Way before we had cornhole, there was a game known as horseshoe pitching.
We know it as horseshoes, a yard game that has been enjoyed for centuries and is ideal for casual family gatherings and serious competition.
It’s easy to set up, learn, and play with people of all ages.
So, how do you get started?
Between figuring out the correct specs for setting up the horseshoe pit, learning the rules, and knowing what equipment you need to buy, it can seem like a lot to learn.
The following guide is going to cover all of that information and more to ensure that you and your family or friends are ready for some fun-filled horseshoe games.
First, let’s talk about what the game actually entails before getting into the specifics.
What is the Game of Horseshoes?
Simply put, horseshoes is an outdoor game that is played either between two individuals or teams of two people. The players or teams toss four horseshoes towards a stake in the ground to score points.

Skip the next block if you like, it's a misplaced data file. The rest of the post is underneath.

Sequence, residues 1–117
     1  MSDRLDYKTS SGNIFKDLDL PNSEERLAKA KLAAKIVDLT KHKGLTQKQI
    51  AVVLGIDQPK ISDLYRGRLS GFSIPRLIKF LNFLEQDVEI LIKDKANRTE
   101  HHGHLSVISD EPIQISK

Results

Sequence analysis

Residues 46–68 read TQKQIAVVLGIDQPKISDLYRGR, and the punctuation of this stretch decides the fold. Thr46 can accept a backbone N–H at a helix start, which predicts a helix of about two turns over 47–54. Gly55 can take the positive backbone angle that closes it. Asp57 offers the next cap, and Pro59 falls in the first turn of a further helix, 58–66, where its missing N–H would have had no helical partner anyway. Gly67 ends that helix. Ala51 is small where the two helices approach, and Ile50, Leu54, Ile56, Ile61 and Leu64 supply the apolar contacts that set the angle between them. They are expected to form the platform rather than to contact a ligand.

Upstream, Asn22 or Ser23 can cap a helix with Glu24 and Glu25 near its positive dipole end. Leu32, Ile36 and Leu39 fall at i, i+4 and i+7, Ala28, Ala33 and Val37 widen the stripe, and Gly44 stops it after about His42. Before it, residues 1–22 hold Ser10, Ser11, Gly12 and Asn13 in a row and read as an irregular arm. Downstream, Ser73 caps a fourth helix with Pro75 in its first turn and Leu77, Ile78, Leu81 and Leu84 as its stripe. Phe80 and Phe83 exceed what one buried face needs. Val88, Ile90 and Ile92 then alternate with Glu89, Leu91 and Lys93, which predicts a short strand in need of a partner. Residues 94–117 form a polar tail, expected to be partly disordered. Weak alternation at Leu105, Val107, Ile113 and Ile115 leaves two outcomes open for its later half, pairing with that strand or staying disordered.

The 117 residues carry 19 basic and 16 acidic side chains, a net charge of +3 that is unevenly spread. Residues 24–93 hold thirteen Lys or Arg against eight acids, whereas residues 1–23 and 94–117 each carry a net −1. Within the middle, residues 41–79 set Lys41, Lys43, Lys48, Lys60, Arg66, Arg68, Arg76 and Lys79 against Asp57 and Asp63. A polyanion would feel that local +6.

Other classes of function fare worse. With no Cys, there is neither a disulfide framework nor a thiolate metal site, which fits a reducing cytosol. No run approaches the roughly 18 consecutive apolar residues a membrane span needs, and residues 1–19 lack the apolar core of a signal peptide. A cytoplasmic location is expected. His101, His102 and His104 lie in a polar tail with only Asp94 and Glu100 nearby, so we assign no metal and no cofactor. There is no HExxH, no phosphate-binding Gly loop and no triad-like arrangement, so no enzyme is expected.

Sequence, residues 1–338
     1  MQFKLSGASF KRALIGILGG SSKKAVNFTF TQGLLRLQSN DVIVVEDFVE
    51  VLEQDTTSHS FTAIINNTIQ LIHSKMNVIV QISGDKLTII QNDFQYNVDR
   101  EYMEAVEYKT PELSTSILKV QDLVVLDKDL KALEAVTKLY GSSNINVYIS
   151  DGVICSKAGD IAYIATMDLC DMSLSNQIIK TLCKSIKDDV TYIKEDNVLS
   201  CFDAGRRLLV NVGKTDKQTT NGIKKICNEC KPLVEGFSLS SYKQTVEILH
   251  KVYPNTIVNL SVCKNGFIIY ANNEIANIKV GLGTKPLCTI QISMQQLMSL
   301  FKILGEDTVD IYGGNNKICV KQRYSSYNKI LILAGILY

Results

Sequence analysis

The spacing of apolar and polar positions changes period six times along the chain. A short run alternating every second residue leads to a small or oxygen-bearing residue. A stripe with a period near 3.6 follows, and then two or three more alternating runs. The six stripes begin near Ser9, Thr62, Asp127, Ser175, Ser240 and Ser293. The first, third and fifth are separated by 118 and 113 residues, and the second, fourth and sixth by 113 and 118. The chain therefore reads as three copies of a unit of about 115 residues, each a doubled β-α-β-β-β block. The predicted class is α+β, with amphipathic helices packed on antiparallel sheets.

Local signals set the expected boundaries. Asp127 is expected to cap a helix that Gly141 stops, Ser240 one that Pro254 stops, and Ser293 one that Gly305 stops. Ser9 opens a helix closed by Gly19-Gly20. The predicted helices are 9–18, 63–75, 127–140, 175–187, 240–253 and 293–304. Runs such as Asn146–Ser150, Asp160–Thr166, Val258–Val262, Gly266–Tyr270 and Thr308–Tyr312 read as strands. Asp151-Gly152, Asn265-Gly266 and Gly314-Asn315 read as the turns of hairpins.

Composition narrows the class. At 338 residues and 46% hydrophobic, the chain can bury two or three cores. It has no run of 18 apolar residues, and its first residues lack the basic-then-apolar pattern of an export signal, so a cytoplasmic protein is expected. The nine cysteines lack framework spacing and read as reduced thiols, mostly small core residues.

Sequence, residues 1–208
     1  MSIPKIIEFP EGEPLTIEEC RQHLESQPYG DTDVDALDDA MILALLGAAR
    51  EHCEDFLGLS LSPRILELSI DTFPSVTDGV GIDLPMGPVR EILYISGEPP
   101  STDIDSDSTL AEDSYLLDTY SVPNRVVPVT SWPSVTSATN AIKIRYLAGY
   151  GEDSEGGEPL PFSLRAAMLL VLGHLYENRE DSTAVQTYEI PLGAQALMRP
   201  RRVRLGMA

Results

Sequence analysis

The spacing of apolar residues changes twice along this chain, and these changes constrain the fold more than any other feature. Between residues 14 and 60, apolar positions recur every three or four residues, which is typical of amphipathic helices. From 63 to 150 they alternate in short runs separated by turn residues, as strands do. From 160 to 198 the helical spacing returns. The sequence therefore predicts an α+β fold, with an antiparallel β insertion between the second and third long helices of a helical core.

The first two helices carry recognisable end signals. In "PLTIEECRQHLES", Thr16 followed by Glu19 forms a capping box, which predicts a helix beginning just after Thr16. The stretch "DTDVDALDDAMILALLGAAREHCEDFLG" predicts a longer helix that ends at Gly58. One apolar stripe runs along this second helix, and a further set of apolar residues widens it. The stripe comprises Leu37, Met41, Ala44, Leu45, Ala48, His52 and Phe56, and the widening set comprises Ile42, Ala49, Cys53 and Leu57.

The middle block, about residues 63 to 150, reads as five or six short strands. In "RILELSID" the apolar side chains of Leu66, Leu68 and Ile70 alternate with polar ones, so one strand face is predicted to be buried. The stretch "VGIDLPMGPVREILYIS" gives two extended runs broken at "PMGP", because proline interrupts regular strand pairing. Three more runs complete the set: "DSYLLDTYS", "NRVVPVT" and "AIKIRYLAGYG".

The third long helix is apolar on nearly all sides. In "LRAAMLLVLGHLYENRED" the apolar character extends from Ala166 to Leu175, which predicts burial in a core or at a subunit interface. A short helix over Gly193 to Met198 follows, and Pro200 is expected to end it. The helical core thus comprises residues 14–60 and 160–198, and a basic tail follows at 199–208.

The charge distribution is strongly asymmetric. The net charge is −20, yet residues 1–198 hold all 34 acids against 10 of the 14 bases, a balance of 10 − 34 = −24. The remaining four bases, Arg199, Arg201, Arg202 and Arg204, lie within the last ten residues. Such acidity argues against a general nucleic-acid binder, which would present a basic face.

The players alternate turns and attempts to either throw a “ringer” circling around the stake or get it as close as possible to score.
While you may be picturing the game being played with actual horseshoes used on animals, a modern game will typically use a stylized U-shaped bar that is around twice the size of the average horseshoe.
You may be wondering how the game began and how it has progressed throughout history. Here’s some background information on the wonderful game of horseshoes.
Looking for a new version of this classic game? Check out our guide to Polish Horseshoes (aka Beersbee).